“Even if we lost a Test match after it’s gone to the fifth day, you will still think that we’ve done well to get to the fifth day and were in with a chance of winning the Test match, so I think that’s an important part of it.”

Notwithstanding the struggles of his bowling attack, Simmons said he was comfortable with what he has now.

“We had the bowlers there who we wanted to be in the Test team,” he said.

“Everybody else is still work in progress and still looking to put themselves in contention so right now these five bowlers are our main bowlers.”

 

The Jamaica Track and Field Coaches Association (JATAFCA) believes the absence of track and field competitions because of the Covid-19 pandemic is proving to be destructive.

In light of this claim, they have called upon the relevant authorities to immediately authorize the resumption of track and field that will allow the country to maintain its standing in global athletics.

The last track meet was held on March 20, 2021, and with the ISSA Boys and Girls Championships and the World Relays in Poland looming, Jamaica’s athletes will be at a significant disadvantage.

“The current delay is destructive. The psychological and mental damage to our athletes and coaches is almost irreparable. As a nation, we cannot afford a cancellation of ISSA Champs 2021, which the delay will cause. Not only is the competition a major pillar for our world-renowned track and field prowess, it provides the platform for student-athletes to earn athletics scholarships to overseas colleges and universities.”

JATAFCA said that the available data indicates that Jamaica’s student-athletes earn scholarships valued at over J$2 billion. This is a stark contrast to the J$85.791 million allocated in the 2019-20 Estimates of Expenditures for the Ministry of Sports for Athlete’s insurance. No other line item was identified as applicable.

“We, therefore, call upon the authorities to recognize the importance of track and field to the overall national development, the psyche and contribution to the young people of our nation. We implore them to partner with the JAAA, ISSA and their sponsors, to stage these competitions safely and successfully,” they said.

The inactivity, JATAFCA said, is due to the absence of approval by the authorities for the additional competitions organized and managed by the governing body the Jamaica Athletic Administrative Association (JAAA).

“We are made to understand that the authorities are concerned about the spike in COVID-19 cases and the stress on the public health system,” the JATAFCA said in a statement Thursday.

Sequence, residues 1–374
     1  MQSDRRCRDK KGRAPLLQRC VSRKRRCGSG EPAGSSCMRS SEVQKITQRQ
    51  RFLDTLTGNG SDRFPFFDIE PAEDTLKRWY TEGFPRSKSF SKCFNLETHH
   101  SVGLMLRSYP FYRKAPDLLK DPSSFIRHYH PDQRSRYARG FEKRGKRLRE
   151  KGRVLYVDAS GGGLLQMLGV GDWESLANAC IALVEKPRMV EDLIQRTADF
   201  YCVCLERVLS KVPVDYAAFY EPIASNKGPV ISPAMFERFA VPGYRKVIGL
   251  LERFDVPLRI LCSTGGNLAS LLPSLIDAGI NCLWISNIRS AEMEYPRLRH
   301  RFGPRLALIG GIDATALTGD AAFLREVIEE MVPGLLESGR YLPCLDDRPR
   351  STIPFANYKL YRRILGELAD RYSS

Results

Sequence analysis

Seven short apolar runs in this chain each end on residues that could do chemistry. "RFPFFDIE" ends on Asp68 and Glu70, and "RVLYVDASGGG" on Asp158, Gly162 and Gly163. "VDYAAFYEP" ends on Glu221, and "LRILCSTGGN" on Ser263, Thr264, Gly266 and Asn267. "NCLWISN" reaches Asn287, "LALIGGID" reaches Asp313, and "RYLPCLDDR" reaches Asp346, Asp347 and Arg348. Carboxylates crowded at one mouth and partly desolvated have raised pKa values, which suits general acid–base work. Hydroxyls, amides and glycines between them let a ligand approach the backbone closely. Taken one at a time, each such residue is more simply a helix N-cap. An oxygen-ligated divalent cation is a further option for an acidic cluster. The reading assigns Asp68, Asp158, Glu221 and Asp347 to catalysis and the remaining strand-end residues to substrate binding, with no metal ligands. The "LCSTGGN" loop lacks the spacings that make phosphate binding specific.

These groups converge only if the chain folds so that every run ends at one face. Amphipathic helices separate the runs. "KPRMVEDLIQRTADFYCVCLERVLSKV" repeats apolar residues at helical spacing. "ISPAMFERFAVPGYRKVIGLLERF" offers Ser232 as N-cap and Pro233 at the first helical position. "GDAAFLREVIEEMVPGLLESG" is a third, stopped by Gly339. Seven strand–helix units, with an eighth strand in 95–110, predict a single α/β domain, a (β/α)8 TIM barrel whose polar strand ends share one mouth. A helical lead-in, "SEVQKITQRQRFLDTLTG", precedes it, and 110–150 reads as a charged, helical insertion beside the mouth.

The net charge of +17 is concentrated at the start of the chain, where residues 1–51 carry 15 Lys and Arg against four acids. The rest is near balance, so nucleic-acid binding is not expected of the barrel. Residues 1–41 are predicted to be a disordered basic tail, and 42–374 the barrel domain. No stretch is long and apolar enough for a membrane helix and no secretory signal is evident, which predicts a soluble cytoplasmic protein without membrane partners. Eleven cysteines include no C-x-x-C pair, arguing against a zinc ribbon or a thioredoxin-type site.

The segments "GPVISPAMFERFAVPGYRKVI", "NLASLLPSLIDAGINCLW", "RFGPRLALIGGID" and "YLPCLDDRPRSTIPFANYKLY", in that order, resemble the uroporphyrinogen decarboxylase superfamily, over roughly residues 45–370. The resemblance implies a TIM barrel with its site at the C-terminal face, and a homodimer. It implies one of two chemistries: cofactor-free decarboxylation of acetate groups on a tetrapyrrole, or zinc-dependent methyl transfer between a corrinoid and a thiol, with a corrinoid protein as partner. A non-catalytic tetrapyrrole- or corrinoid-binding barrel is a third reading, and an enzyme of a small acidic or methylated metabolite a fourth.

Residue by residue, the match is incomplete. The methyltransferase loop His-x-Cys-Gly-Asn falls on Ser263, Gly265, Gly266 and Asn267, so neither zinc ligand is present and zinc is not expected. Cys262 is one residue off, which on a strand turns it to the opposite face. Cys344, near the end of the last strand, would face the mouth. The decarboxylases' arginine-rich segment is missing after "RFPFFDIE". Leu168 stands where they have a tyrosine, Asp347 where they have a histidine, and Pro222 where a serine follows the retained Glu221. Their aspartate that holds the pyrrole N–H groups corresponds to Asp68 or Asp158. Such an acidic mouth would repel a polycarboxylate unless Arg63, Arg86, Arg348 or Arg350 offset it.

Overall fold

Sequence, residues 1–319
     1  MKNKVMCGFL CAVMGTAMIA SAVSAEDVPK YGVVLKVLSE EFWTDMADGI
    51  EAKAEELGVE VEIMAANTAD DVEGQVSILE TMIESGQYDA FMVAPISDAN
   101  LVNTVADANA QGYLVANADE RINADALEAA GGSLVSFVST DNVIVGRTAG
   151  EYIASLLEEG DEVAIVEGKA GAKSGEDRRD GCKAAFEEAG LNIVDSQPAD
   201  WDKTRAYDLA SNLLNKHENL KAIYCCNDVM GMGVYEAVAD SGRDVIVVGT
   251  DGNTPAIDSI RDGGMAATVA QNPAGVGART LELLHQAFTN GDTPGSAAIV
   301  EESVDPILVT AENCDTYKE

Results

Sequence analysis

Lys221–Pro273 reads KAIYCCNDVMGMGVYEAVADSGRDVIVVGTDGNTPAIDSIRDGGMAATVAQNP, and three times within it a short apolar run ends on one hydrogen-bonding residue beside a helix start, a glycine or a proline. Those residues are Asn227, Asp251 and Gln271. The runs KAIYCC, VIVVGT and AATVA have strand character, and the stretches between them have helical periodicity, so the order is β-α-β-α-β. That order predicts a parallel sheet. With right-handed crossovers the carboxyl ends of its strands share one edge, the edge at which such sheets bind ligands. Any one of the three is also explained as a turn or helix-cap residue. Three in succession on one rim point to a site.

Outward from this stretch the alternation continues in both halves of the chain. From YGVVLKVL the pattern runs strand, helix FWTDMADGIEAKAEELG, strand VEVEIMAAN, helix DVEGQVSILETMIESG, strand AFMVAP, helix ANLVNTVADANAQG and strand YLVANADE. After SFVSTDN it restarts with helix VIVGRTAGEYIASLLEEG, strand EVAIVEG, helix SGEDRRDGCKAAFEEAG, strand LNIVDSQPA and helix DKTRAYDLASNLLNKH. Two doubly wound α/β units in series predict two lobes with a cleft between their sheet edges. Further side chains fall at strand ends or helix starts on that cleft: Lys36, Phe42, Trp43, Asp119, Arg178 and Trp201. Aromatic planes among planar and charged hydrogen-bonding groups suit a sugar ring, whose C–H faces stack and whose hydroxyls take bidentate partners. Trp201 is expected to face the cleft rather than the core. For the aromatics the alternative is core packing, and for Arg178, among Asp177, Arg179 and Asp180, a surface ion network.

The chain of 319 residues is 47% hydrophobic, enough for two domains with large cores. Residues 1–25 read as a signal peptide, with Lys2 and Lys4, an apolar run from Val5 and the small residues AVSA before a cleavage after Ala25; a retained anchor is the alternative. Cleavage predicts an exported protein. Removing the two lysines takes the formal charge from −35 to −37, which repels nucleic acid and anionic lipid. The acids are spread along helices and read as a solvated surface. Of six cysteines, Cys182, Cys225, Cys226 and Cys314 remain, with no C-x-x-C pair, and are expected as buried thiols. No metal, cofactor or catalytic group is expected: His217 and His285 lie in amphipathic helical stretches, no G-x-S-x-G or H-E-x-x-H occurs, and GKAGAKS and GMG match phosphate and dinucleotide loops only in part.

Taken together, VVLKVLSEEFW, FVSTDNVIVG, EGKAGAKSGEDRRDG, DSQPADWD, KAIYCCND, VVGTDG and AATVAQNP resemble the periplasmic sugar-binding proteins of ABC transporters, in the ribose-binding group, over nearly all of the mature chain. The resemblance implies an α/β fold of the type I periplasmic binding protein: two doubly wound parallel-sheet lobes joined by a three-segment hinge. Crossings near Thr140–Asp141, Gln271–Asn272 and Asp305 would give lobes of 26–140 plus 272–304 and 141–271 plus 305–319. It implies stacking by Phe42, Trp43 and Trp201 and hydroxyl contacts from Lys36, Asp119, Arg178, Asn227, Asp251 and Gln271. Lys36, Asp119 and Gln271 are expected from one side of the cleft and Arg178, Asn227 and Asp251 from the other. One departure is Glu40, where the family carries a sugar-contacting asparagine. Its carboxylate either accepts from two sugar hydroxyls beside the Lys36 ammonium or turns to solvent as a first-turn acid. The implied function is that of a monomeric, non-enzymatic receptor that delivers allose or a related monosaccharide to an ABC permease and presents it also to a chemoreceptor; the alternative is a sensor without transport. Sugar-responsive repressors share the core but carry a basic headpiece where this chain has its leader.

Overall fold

“Let it be clear that we too are equally concerned. We are, however, of the opinion that concern for public health is not diametrically opposed to the staging of COVID-19 safe track and field competitions. It is all about striking a balance, minimize the fallouts, and pursue the things we are best at.”

The coaches’ association said that over a three-week period from February 27 to March 20th, the JAAA staged 20 competitions that saw 39 junior athletes - 27 boys and 12 girls - making the very rigorous qualifying standards for the World Under-20 Championships in Nairobi Kenya.

In addition, there was at least one world-leading performance from a senior athlete.

“With some 1500 juniors and close to 300 senior athletes competing in the Qualification Trial Series (QTS), there was no reported positive COVID-19 case(s) among athletes, officials or athlete support personnel,” the coaches said.

“The JAAA executed well and established a blueprint that several countries across the NACAC region, including USA and Canada, have now adopted.

 “We also make the call for authorities to provide clear and immediate responses, within 24 hours, to the applications for permits now in their possession. Further delay would be tantamount to assisting our global competitors in making light of our efforts when we meet on the track or in the field later this year.

“As an association, we will continue to play our part in encouraging our members to practice all the COVID-19 protocols for mask-wearing, social distancing and hand hygiene. They know we hold them to a high standard of compliance, a similar standard that has resulted in us being ranked third in World Athletics.”